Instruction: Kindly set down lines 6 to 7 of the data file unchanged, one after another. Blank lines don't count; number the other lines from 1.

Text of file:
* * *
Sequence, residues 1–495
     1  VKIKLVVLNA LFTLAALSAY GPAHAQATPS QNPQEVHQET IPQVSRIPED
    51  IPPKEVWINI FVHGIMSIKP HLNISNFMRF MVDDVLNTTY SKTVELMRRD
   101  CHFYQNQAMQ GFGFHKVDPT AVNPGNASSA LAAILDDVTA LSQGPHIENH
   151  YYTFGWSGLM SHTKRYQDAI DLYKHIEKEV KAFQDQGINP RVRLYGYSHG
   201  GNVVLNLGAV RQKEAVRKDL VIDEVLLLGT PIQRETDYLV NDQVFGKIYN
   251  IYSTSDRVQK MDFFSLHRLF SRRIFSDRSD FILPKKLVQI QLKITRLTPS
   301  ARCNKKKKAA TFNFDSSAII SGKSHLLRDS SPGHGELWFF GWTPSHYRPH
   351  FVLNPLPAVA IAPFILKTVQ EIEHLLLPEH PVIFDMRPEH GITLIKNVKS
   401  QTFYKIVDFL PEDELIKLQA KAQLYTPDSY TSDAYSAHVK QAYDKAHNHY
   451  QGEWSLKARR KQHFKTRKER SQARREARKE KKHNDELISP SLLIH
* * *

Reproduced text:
   201  GNVVLNLGAV RQKEAVRKDL VIDEVLLLGT PIQRETDYLV NDQVFGKIYN
   251  IYSTSDRVQK MDFFSLHRLF SRRIFSDRSD FILPKKLVQI QLKITRLTPS